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Mr. Bounderby, under the influence of this difficult adjuration,
backed up by her compassionate eye, could only scratch his head in
a feeble and ridiculous manner, and afterwards assert himself at a
distance, by being heard to bully the small fry of business all the
'Bitzer,' said Mrs. Sparsit that afternoon, when her patron was
gone on his journey, and the Bank was closing, 'present my
compliments to young Mr. Thomas, and ask him if he would step up
and partake of a lamb chop and walnut ketchup, with a glass of
India ale?' Young Mr. Thomas being usually ready for anything in
that way, returned a gracious answer, and followed on its heels.
'Mr. Thomas,' said Mrs. Sparsit, 'these plain viands being on
table, I thought you might be tempted.'
'Thank'ee, Mrs. Sparsit,' said the whelp. And gloomily fell to.
'How is Mr. Harthouse, Mr. Tom?' asked Mrs. Sparsit.
'Oh, he's all right,' said Tom.
'Where may he be at present?' Mrs. Sparsit asked in a light
conversational manner, after mentally devoting the whelp to the
Furies for being so uncommunicative.
'He is shooting in Yorkshire,' said Tom. 'Sent Loo a basket half
as big as a church, yesterday.'
'The kind of gentleman, now,' said Mrs. Sparsit, sweetly, 'whom one
might wager to be a good shot!'
'Crack,' said Tom.
He had long been a down-looking young fellow, but this
characteristic had so increased of late, that he never raised his
eyes to any face for three seconds together. Mrs. Sparsit
consequently had ample means of watching his looks, if she were so
'Mr. Harthouse is a great favourite of mine,' said Mrs. Sparsit,
'as indeed he is of most people. May we expect to see him again
shortly, Mr. Tom?'
'Why, I expect to see him to-morrow,' returned the whelp.
'Good news!' cried Mrs. Sparsit, blandly.
'I have got an appointment with him to meet him in the evening at
the station here,' said Tom, 'and I am going to dine with him
afterwards, I believe. He is not coming down to the country house
for a week or so, being due somewhere else. At least, he says so;
but I shouldn't wonder if he was to stop here over Sunday, and
stray that way.'
'Which reminds me!' said Mrs. Sparsit. 'Would you remember a
message to your sister, Mr. Tom, if I was to charge you with one?'
'Well? I'll try,' returned the reluctant whelp, 'if it isn't a
'It is merely my respectful compliments,' said Mrs. Sparsit, 'and I
fear I may not trouble her with my society this week; being still a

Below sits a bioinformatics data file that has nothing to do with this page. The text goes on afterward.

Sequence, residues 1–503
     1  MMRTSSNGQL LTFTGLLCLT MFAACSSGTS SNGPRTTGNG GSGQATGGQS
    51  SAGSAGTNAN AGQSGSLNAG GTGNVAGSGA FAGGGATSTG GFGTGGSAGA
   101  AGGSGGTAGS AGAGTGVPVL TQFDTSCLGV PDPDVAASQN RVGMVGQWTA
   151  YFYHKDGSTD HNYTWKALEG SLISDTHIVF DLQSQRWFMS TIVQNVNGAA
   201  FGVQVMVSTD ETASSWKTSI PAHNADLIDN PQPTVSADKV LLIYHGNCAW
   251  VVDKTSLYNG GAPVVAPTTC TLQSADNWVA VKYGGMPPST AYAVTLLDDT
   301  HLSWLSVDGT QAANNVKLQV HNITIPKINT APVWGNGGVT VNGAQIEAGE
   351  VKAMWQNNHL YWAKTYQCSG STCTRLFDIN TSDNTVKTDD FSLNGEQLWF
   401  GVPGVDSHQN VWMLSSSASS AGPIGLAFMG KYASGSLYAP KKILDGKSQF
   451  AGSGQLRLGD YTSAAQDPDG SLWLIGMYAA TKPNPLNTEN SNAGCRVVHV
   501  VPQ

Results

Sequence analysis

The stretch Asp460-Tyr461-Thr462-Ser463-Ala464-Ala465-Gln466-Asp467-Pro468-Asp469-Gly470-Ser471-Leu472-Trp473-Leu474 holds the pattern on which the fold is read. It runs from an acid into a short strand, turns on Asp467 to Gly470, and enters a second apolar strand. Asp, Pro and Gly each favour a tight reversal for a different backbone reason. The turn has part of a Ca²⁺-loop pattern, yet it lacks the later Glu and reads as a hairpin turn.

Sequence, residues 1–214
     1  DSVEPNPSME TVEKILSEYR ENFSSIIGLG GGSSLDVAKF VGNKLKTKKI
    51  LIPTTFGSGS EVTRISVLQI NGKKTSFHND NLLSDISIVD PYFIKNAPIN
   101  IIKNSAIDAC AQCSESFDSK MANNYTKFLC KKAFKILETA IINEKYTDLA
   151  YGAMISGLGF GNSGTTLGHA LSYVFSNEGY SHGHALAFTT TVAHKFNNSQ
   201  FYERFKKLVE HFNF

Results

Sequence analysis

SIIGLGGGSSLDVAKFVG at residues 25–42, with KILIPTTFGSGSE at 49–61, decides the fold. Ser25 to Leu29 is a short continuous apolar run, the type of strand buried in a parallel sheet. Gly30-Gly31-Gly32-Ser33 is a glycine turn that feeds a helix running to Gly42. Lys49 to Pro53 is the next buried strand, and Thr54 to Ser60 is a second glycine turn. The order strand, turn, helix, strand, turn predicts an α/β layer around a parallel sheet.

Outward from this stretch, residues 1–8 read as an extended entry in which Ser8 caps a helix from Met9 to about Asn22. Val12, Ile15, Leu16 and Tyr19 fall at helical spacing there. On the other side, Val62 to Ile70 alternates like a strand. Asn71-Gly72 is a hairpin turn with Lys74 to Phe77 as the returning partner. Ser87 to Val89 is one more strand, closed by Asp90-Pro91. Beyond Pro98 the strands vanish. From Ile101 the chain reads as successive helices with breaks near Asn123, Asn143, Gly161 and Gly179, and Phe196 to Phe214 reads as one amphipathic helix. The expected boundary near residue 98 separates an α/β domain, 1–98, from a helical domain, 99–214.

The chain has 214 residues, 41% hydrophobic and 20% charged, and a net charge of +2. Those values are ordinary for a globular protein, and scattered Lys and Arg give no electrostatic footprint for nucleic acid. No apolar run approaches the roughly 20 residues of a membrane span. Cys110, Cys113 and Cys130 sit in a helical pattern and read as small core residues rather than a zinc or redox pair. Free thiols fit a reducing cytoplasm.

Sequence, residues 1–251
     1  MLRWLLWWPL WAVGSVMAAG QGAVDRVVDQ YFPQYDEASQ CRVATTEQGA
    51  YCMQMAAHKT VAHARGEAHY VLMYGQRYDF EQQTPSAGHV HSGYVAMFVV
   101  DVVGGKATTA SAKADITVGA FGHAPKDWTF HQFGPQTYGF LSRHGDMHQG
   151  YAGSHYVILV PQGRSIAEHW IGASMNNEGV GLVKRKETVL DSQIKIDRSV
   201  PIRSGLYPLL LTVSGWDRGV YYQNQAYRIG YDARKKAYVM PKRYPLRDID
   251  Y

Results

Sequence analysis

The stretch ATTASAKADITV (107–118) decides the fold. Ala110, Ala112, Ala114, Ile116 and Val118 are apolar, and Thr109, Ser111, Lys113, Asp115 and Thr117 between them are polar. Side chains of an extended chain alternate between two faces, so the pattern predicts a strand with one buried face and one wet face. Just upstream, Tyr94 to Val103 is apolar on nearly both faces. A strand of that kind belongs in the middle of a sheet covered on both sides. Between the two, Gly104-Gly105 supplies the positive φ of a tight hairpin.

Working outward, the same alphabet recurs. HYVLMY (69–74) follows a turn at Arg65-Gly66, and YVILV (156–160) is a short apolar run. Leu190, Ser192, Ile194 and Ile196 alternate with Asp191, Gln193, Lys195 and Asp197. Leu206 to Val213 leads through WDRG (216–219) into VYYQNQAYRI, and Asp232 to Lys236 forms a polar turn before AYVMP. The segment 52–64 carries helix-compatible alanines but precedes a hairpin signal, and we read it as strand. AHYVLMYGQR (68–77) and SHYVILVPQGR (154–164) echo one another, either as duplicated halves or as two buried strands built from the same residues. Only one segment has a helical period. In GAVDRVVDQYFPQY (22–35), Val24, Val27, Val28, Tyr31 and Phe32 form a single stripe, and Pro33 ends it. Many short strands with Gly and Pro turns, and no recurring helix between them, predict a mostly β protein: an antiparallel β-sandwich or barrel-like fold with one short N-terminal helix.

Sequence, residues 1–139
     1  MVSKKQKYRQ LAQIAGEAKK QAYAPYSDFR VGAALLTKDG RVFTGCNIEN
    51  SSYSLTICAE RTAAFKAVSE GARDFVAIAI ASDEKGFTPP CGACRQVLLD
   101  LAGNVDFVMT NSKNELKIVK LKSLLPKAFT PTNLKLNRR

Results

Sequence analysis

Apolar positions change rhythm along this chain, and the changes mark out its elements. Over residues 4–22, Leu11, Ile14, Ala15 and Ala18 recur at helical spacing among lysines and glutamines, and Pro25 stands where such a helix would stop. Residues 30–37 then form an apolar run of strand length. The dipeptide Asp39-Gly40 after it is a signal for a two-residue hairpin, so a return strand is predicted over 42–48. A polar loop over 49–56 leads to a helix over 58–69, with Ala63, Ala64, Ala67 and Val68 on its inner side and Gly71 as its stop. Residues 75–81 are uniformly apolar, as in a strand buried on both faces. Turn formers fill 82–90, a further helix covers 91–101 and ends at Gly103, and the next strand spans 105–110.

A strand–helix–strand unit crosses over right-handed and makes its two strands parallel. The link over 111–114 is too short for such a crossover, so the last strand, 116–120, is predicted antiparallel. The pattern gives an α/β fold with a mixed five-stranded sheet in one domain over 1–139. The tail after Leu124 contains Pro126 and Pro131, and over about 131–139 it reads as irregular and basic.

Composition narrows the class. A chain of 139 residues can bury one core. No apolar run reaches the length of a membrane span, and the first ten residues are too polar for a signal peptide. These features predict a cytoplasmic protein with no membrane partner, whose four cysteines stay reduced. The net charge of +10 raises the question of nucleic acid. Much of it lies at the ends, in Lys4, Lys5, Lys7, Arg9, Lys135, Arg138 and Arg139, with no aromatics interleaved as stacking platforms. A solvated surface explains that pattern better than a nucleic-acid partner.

little nervous, and better perhaps by my poor self.'
'Oh! If that's all,' observed Tom, 'it wouldn't much matter, even
if I was to forget it, for Loo's not likely to think of you unless
she sees you.'
Having paid for his entertainment with this agreeable compliment,
he relapsed into a hangdog silence until there was no more India
ale left, when he said, 'Well, Mrs. Sparsit, I must be off!' and
Next day, Saturday, Mrs. Sparsit sat at her window all day long
looking at the customers coming in and out, watching the postmen,
keeping an eye on the general traffic of the street, revolving many
things in her mind, but, above all, keeping her attention on her
staircase. The evening come, she put on her bonnet and shawl, and
went quietly out: having her reasons for hovering in a furtive way
about the station by which a passenger would arrive from Yorkshire,
and for preferring to peep into it round pillars and corners, and
out of ladies' waiting-room windows, to appearing in its precincts
Tom was in attendance, and loitered about until the expected train
came in. It brought no Mr. Harthouse. Tom waited until the crowd
had dispersed, and the bustle was over; and then referred to a
posted list of trains, and took counsel with porters. That done,
he strolled away idly, stopping in the street and looking up it and
down it, and lifting his hat off and putting it on again, and
yawning and stretching himself, and exhibiting all the symptoms of
mortal weariness to be expected in one who had still to wait until
the next train should come in, an hour and forty minutes hence.
'This is a device to keep him out of the way,' said Mrs. Sparsit,
starting from the dull office window whence she had watched him
last. 'Harthouse is with his sister now!'
It was the conception of an inspired moment, and she shot off with
her utmost swiftness to work it out. The station for the country